With the grocery store closing, managers acknowledge that it has been a tough year for the Co-op.
The Co-op’s 55th annual general meeting brought many problems of sustainability into question.
Over 40 people attended to listen to the Co-op’s annual general meeting reports for the year as well as any business that needed to be conducted like finances and nominations for new board directors.
Despite the economic downturn, the Co-op’s agriculture and gas sectors remained strong. Their sales for the 2016 year were more or less in line with the previous year and they were able to save $14,000 more than the year before. They recorded more than $31 million in sales in the non foods division. On the grocery side, up to January 31, 2017, sales were just over $7 million, on par with the previous year. In 2017, the grocery operation recorded a loss of $440,745.
The board had taken the brunt of many questions from grumbling and angry members, especially over the recent closure of the grocery store. One member asked why the store was shut down without any real notice. The board retorted saying they had mentioned its struggles for more than 10 years at every meeting and warned members that ‘if something didn’t turn around, something would have to be done.’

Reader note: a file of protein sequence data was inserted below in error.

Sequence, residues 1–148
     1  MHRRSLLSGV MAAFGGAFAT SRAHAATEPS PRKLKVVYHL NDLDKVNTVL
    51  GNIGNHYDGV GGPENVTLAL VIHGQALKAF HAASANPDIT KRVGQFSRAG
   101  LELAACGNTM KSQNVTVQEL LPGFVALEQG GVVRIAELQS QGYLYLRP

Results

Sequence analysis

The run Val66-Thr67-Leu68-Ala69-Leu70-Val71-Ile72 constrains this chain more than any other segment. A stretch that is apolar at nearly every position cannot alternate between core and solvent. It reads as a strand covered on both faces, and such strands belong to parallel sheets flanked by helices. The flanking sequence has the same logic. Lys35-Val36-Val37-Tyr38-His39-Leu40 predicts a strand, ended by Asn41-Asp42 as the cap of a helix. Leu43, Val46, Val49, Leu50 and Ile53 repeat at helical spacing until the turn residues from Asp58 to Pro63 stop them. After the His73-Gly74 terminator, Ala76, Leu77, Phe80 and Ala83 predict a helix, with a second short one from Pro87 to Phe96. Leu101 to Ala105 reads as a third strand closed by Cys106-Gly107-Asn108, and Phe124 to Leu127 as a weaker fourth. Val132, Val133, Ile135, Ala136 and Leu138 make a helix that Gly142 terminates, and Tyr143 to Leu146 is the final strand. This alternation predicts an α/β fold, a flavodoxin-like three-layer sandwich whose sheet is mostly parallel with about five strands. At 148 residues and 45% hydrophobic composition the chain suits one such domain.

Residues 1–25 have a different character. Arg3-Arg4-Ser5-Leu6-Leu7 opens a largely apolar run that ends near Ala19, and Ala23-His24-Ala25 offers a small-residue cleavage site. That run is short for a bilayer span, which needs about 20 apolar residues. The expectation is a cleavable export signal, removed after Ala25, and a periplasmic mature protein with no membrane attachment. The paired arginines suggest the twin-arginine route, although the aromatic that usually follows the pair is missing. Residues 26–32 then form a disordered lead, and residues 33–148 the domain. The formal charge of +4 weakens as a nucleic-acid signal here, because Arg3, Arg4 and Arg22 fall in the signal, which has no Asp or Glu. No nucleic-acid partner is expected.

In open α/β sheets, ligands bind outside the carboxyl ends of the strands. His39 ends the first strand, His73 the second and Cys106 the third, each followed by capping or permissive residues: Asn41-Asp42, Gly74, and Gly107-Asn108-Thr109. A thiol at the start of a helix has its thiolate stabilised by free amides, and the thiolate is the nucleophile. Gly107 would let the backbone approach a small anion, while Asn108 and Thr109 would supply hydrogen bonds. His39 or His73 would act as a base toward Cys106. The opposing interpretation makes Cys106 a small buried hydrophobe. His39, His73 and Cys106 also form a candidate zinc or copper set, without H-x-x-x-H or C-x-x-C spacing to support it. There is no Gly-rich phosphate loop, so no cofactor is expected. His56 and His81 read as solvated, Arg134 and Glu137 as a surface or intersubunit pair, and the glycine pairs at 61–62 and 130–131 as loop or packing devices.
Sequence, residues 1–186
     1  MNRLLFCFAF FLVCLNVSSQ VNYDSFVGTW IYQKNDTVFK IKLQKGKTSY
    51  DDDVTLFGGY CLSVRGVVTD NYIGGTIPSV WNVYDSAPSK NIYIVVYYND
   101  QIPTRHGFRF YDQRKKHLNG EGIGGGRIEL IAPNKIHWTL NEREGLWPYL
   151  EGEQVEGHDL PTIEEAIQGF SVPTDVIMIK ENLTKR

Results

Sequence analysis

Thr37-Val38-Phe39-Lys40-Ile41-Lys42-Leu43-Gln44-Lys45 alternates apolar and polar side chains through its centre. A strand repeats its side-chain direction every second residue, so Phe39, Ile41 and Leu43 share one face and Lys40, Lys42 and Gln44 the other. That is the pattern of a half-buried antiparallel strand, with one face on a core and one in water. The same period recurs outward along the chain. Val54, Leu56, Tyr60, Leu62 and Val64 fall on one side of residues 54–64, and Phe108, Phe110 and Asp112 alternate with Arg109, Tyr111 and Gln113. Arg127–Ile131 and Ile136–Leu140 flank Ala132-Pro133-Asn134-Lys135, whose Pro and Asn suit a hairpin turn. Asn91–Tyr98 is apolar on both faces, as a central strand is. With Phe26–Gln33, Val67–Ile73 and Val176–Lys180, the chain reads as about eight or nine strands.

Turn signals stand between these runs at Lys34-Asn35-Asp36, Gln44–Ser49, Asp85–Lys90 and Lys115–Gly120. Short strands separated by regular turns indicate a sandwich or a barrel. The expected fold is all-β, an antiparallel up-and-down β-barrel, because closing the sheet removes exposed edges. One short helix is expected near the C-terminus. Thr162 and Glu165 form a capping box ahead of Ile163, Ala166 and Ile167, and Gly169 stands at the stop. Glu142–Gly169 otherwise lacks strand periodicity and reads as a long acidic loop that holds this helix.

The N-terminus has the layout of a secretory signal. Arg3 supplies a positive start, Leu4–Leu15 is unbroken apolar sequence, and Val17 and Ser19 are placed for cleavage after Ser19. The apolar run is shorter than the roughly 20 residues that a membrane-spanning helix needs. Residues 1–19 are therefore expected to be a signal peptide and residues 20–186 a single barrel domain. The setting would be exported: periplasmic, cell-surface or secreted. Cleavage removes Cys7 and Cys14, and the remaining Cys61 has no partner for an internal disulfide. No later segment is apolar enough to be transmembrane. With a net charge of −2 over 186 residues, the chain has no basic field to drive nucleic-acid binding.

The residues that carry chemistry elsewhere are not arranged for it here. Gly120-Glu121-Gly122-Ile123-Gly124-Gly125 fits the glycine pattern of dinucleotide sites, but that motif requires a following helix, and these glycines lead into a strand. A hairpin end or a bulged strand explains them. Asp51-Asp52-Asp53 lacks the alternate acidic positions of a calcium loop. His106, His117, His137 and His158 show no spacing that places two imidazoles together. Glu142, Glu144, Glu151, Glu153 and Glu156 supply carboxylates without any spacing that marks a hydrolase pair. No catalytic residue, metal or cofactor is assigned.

On a lighter note, the Drumheller Co-op has zero’d in on its core corporate values of people, community, integrity, and excellence. “These values are what we look for when recruiting new employees and expect from everyone every day,” said Brent Walker, Drumheller Co-op general manager.
Federated Co-operatives Limited (FCL) District 5 Director Joe Bowhay gave a speech on the role FCL plays into each Co-op, explaining that it is a ‘Co-op for Co-op’s!’
FCL is a Corporate Retailing System (CRS) divided into 15 districts across Western Canada, which is also owned by almost 200 independent co-op’s including the Drumheller location.
Three new additions to the Board of Directors were announced after the votes were cast. Each nominated individual gave a brief speech as to why they should run and how they can help benefit members.
Qualifications to run included being a member for at least one year, have a minimum of $2,500 in Co-op purchases and their accounts must be in good standing. The newly elected directors were Dalton Madsen, Diane Snyder, and Barry Fullerton.
The Co-op gas bar expansion is expected to begin in the next few years to compete with the increasingly tough market. They plan to build a larger convenience store as well as more gas bars to accommodate the large amounts of people that flood the store in the busy summer season.
“This will allow us to grow the business and be sustainable well into the future,” said Walker.
Within the past year, the Drumheller Co-op has donated over $60,000 to clubs and groups in the area. In June and July, the board made the decision to make cheque donations directly to 4-H clubs in the area rather than attend the Show and Sales and only benefit one to two members.
“This seems to be appreciated and a good way of supporting these local clubs,” said Eric Poettcker, President of the board.